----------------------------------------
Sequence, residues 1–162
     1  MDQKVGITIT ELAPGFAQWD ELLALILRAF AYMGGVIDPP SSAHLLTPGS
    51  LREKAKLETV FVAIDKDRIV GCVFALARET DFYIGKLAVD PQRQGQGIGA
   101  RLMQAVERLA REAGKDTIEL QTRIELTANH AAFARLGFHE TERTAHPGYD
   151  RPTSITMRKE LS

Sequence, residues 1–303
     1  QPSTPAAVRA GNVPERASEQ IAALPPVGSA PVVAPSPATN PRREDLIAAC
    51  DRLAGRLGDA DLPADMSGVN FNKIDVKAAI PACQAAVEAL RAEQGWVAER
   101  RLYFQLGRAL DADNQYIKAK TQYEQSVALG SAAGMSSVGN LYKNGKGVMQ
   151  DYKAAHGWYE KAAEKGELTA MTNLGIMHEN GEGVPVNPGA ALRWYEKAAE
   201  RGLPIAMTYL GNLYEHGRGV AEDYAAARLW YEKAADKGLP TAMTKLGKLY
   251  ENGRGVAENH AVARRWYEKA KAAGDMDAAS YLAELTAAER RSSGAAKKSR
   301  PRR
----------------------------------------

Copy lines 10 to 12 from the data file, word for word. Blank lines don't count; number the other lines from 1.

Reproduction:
   151  DYKAAHGWYE KAAEKGELTA MTNLGIMHEN GEGVPVNPGA ALRWYEKAAE
   201  RGLPIAMTYL GNLYEHGRGV AEDYAAARLW YEKAADKGLP TAMTKLGKLY
   251  ENGRGVAENH AVARRWYEKA KAAGDMDAAS YLAELTAAER RSSGAAKKSR